I recently created a new site, but I visited the domain before the site and was redirected to a cgi default page. And as a result Chrome cached the URL as http://example.com/cgi-sys/defaultwebpage.cgi
After I got the site up and running, Chrome continued to redirect the domains to the cgi default page even though it was working properly in other browsers and an incognito Chrome window.
After a week or so of this annoyance, I searched the web for a solution and I found one on Sal Ferrarello’s site. It turns out that Chrome caches redirects and there isn’t a clear way to clear the redirect cache.
The solution that worked for me was Sal’s first idea to disable the cache from the Chrome Developer Tools. The easiest way to open the Developer Tools is Command Option I
Once the Developer Tools are open, click on the settings icon shown here:
Once the settings modal opens, check the box next to Disable Cache (while DevTools is open) option as shown here:
Now visit the page that is cached and the old redirect cache should be permanently removed.
Check out Sal’s post for more details.
A few years ago Atul Gwande wrote about the medical cost conundrum in the U.S. He follows up on that article with Overkill. This article is an in-depth look at the harm caused by unnecessary medical care.
I’ve become cautiously skeptical of most medical advice and this article reinforces much of my skepticism.
Here are a couple of interesting quotes from the article:
Doctors generally know more about the value of a given medical treatment than patients, who have little ability to determine the quality of the advice they are getting. Doctors, therefore, are in a powerful position. We can recommend care of little or no value because it enhances our incomes, because it’s our habit, or because we genuinely but incorrectly believe in it, and patients will tend to follow our recommendations.
The forces that have led to a global epidemic of overtesting, overdiagnosis, and overtreatment are easy to grasp. Doctors get paid for doing more, not less. We’re more afraid of doing too little than of doing too much. And patients often feel the same way. They’re likely to be grateful for the extra test done in the name of “being thorough”—and then for the procedure to address what’s found.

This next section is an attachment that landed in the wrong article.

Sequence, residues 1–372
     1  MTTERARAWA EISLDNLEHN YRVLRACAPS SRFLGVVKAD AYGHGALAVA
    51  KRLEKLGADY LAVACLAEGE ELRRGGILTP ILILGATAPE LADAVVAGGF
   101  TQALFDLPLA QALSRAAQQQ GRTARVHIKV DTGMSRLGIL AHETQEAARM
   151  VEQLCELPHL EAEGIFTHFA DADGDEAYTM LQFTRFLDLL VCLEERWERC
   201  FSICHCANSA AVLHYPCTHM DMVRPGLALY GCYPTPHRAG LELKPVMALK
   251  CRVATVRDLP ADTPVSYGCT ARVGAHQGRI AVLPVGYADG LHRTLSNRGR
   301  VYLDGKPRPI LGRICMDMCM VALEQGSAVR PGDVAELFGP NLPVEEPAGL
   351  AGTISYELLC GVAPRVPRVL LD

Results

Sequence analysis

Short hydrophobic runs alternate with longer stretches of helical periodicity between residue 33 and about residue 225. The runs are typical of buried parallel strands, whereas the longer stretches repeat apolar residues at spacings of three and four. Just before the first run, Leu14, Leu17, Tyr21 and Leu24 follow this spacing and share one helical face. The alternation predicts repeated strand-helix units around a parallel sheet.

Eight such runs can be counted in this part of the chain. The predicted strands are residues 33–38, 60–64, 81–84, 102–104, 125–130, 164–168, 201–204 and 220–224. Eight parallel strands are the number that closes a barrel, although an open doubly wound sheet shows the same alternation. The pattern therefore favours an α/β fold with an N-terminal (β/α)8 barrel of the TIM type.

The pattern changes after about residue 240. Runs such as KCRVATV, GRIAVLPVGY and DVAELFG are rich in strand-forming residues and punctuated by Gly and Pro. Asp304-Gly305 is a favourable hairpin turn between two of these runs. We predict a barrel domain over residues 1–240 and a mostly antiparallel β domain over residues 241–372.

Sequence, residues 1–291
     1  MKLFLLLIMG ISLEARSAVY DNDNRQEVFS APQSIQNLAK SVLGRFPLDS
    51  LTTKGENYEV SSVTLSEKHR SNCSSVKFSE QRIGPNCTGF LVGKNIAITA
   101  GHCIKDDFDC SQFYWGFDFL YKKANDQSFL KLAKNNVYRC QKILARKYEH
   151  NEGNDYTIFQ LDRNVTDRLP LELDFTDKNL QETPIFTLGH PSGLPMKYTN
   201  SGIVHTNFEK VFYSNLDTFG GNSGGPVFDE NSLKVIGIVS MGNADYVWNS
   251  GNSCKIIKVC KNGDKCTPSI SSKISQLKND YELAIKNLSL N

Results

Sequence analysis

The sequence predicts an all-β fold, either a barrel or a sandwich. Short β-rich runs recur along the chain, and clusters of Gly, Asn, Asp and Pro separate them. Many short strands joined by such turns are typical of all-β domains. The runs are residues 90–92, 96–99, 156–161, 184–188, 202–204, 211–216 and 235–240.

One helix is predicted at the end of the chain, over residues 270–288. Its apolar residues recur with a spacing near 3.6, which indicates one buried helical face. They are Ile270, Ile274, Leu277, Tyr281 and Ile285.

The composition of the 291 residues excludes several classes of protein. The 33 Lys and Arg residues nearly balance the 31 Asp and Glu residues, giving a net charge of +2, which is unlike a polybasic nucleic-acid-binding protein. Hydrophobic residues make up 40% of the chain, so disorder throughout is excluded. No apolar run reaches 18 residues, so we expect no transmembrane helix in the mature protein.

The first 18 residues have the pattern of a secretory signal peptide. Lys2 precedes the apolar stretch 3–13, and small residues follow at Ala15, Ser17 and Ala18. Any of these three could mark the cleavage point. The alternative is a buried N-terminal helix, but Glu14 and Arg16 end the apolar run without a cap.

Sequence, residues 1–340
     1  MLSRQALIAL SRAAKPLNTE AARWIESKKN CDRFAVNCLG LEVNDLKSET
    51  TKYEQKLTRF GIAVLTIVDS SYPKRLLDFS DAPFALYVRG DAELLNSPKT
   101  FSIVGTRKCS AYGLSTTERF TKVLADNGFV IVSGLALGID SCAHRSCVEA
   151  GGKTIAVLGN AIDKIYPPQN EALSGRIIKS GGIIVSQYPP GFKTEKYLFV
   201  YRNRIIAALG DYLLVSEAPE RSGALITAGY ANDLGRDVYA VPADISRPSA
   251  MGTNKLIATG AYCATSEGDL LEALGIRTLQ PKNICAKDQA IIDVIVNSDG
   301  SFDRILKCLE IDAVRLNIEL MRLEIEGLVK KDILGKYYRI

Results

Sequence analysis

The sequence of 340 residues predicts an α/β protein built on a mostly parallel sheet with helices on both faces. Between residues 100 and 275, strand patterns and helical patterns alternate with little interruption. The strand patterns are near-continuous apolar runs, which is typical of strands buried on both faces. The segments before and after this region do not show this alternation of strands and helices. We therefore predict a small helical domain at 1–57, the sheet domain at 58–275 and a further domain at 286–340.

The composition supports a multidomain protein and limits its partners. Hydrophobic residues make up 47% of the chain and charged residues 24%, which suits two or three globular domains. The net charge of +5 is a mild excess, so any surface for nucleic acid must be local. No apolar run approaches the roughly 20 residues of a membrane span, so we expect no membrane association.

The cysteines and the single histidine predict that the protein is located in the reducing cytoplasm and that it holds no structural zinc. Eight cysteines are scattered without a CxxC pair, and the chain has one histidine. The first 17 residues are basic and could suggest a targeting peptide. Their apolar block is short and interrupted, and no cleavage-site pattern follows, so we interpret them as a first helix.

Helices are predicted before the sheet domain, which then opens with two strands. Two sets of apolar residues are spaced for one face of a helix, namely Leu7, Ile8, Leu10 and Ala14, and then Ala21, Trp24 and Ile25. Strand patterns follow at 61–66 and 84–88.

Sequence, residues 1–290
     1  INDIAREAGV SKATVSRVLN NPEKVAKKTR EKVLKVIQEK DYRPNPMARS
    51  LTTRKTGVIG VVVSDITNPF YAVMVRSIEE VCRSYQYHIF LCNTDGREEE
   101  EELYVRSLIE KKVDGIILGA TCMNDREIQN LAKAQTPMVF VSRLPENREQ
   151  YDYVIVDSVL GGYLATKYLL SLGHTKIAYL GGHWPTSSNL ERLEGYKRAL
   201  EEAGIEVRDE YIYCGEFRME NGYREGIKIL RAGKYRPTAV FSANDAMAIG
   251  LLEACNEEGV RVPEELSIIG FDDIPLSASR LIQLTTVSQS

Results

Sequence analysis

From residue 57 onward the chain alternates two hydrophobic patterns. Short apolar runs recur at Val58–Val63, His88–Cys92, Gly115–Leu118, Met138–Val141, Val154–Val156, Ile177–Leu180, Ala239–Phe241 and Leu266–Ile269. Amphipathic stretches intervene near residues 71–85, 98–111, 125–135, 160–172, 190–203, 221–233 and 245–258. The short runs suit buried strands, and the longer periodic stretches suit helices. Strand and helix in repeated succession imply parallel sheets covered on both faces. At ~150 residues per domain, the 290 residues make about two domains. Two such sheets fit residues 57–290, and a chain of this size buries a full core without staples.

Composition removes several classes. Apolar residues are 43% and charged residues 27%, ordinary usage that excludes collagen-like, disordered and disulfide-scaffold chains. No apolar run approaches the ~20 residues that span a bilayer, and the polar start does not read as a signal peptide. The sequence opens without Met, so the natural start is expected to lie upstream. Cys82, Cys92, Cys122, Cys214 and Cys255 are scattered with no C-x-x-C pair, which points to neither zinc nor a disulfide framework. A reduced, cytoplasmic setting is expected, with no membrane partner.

One of my favorite things about Craigslist is the Free Stuff section. For the past six months we’ve had some old glass shower doors sitting in our garage. I finally took a picture and put them on Craigslist and within a couple hour five people contacted me asking for more details. And by the next day they were gone.
Over the last couple years we’ve gotten rid of old BBQs, rusty bikes, and other odds and ends. It easier than throwing something away in a dumpster and I’m glad someone else is getting more use out of our old junk.
My brother-in-law turned me onto a WiFi hotspot device called Karma that’s being released in December. I work on the road a few weeks a year and if Karma works as advertised, I’ll be able to work in my car and I won’t have to rely on abysmally slow hotel/airport/cafe WiFi networks.
Karma previously sold a WiFi hotspot, but it didn’t run on LTE networks. Their new device is set to be shipped in December and can be pre-ordered now. If you pre-order one today you can get it for $99 instead of $149. And if you use this link you’ll get an additional $10 off (and I’ll get $10 of data credits):
– No contract
– Pay as you go data – $14/GB
– Runs over the Sprint LTE and CDMA network (view coverage)
– Your Karma connection is shared with other Karma users
– If other Karma users use your connection you get data credits
Karma kind of downplays the security risk of sharing a network connection, which concerns me a bit. Here’s a related response from one of Karma’s employees:
In order to minimize the security risk, I’ll just use a proxy or VPN whenever I’m connected to a Karma device.
I’m really looking forward to using it and I’ll add a review once I get a chance to use it.
One of the first things I noticed when looking around OS X 10.10 (Yosemite) was the Game Center icon in the Applications folder.
Game Center has been in Mac OS X since 10.8 (Mountain Lion), but the icon recently changed to match the bubbly iOS icon:
I never really use Game Center on iOS and am always annoyed with the spammy friend requests. I’ve turned off Game Center friend requests multiple times, but it always seems to get turned back on.
Once I saw Game Center in Yosemite, I immediately tried to drag the icon to the Trash. No luck:
It took a couple minutes, but I figured out how to remove it. Here’s how your remove Game Center:
Warning! Don’t do this unless you’re comfortable with the command line and have a recent backup of your hard drive. If you don’t know what
sudo means, then please don’t proceed. A simple mistake with
sudo rm could cause major issues.
– Open Terminal
– Navigate to the Applications folder
– Enter the following:
sudo rm -rf "Game Center.app"